Bank Checking Accounts
Things taken for granted, such as bank checking accounts usually have a long history behind them and these types of banking transactions and services are no exception. Some people believe that a form of checking actually existed as early as 400 B.C. but the form which is more familiar today showed up in Holland around 1500 A.D. In the United States, businessmen near Boston put up their own land as collateral and began writing checks against the mortgaged property in the 1700s. So something seemingly quite modern has a long and storied past, including banks sending messengers all over New England presenting checks to other banks to be cashed. If a person looks at the description of a bank checking account in most of these institutions' literature, the length might be a paragraph long, but there are many things to ponder when opening one of these very convenient and important personal finance needs. Consider first the types of checking accounts that are available.
Most consumers in America consider the financial institution where they have their checking account as their "real" bank, not where a car loan is secured or other major loan such as a mortgage might be administered. The money from checking account fees is a large income producer for banks, so they often give away pretty nice gifts as an incentive to open an account and keep it open for a certain amount of time. So because customer retention and their needs are so varied, lending institutions have begun offering a number of different types of bank checking accounts such as a basic, free, interest-bearing, student, joint and money market accounts. It can become very difficult not to think that money (mammon in the Bible) is the most important thing a person can pursue. Jesus gave a warning and also some good news about all of this when He said, "No man can serve two masters: for either he will hate the one and love the other, or else he will hold on to the one and despise the other. Ye cannot serve God and mammon. But seek first the kingdom of God and his righteousness and all these things shall be added unto you." (Matthew 6:24, 33)
The basic account is a no frills, limited number of checks per month account and fees will be paid if more checks are written than the limit allowed. Free bank checking accounts mean no service charges for activity transacted, but it doesn't mean the absence of overdraft charges. Interest-bearing types of check plans means that there is a minimum monthly balance of a certain amount to be kept in the account at all times and if not, there is often a penalty assessed. Well look, they call it a fee, but let's call the "fee" what it is, a penalty! Joint plans are usually used by husbands and wives for equal access to bank checking accounts and online plans allow busy people, including a lot of students, who never want to step inside a bank, do all of their transactions over the Internet. But typically with an online account, if you step into the financial institution and talk to a teller, Zap! You will be assessed a penalty, er, fee.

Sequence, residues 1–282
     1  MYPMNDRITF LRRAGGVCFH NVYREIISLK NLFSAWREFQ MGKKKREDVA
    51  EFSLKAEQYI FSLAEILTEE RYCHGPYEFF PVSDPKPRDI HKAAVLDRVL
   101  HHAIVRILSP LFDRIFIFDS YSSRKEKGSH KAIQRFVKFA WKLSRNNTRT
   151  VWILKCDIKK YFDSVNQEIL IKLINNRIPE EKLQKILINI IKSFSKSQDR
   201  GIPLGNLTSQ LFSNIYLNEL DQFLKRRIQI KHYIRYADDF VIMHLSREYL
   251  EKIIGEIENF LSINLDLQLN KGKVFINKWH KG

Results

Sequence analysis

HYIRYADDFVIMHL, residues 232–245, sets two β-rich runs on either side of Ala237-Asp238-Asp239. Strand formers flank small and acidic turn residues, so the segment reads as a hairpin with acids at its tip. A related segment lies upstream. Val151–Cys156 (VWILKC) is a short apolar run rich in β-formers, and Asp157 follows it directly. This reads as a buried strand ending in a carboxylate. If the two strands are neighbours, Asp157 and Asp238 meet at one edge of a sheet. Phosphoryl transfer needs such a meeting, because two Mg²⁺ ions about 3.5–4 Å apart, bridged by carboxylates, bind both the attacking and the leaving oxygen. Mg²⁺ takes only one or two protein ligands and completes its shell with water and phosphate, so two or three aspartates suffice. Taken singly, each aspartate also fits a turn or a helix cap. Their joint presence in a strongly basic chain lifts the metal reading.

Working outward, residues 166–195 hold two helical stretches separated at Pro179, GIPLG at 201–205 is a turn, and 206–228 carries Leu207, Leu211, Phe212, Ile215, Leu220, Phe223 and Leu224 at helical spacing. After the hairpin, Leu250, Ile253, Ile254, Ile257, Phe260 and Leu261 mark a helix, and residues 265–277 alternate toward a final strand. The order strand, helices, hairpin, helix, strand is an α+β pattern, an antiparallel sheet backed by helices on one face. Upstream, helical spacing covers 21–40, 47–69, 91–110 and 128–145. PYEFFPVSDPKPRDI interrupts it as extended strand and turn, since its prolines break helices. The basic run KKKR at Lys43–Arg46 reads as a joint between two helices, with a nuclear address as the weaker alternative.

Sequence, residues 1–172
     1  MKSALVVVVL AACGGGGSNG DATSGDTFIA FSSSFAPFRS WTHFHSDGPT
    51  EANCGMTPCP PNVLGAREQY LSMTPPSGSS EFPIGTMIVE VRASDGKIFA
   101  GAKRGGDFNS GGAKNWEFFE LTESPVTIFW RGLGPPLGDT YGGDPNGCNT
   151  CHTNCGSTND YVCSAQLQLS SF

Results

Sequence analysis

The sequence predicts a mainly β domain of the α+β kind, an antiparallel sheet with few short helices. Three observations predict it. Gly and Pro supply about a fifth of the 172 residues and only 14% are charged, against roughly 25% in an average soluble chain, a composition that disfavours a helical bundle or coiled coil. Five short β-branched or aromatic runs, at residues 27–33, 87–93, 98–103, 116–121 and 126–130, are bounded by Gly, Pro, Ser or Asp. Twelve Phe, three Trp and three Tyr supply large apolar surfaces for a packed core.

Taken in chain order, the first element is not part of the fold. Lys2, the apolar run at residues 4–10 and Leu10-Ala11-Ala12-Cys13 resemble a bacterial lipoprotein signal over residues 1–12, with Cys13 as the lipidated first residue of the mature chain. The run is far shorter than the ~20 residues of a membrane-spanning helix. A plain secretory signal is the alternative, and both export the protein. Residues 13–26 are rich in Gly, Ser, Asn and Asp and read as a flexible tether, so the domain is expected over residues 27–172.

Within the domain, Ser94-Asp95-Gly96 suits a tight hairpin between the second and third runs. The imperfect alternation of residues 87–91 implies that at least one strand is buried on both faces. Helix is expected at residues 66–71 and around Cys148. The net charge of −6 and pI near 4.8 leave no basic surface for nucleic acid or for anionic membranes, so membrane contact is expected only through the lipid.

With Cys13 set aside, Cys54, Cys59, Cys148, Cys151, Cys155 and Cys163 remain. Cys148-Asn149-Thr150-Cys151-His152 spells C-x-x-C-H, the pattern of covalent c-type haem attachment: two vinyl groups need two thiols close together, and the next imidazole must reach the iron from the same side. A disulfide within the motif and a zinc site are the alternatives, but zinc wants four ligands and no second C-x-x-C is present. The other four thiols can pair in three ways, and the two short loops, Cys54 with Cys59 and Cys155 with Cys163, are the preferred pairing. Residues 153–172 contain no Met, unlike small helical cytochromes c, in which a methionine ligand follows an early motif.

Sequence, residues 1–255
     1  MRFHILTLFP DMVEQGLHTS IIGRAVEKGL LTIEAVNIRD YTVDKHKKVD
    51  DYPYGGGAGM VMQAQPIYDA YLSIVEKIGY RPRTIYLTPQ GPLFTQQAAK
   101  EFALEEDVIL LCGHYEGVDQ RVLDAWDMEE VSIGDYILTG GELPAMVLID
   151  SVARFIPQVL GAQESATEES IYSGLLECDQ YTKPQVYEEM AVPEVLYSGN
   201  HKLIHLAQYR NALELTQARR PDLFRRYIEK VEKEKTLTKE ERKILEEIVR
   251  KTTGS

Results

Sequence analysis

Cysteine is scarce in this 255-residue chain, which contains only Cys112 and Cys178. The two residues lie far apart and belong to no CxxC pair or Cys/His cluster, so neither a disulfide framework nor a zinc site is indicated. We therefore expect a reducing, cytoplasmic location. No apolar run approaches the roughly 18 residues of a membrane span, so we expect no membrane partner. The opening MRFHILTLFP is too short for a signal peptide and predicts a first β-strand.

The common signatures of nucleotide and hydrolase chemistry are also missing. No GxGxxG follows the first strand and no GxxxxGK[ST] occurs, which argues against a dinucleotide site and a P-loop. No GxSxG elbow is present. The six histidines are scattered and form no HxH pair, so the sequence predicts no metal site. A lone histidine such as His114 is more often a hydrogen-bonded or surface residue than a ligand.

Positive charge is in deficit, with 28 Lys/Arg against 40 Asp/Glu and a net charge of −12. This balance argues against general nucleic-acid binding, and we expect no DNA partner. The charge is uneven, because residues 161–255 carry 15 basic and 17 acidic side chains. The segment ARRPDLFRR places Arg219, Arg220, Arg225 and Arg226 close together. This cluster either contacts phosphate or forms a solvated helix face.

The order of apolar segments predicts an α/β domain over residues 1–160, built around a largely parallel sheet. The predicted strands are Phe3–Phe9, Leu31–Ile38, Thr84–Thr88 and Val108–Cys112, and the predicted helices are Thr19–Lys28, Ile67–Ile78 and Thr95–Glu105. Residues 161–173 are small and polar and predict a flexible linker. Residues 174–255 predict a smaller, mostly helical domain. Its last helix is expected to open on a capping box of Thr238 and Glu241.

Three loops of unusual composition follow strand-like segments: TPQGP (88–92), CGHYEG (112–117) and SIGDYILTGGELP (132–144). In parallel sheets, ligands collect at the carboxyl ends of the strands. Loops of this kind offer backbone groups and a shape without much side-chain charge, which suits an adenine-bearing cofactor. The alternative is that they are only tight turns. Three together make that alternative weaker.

For the bank checking accounts neophyte, there is some stark news about having the responsibility of bank checking accounts. Many people have had the horrifying experience of opening a notice from their bank and seen the words insufficient funds and perhaps two hundred dollars or more in penalties for bouncing three checks. Bounced checks are called overdrafts, and here is the sobering news: they affect a person's credit score. In fact, the report of them can remain on a person's credit history report for seven years. And these what can seem to be very minor issues between you and the bank can perhaps become a factor three years later when a person is trying to rent an apartment or get a car loan or a mortgage. See? These aren't fees like the bank loves to call them. They are PENALTIES.
In addition to having to watch for overdrafts on bank checking accounts users of the bank services need to keep in mind that eighty percent of all banks in the country use two major reporting companies, ChexSystems and Telecheck to record complaints from banks about abuse of various banking services by customers. These two companies, act as clearinghouses for these complaints, then provide these reports to other banking institutions all over the country. Just like catching the ire of the big three credit agencies, being on the bad side of these two banking agencies can actually freeze someone from getting another checking privilege from any of the 80% of lending institutions across the country. And finding the other 20% of banks not using them can be tricky. There are eight million people in the country with this very predicament, but thank goodness, there is a great alternative.
These opportunities for alternative checking accounts are provided with online banks. From direct deposit to ATM and debit card privileges and all online banking services, bad credit bank checking accounts are offered to customers who have ticked off the brick and mortar lenders. Make no mistake, there are also fees with the online bankers, and penalties in some cases, but they are not associated with the two reporting agencies. The downside to this alternative is the need for routine access to a computer with Internet capability. Often those who must use this alternative method of banking are more economically challenged and thus the computer ownership and Internet maintenance becomes an issue.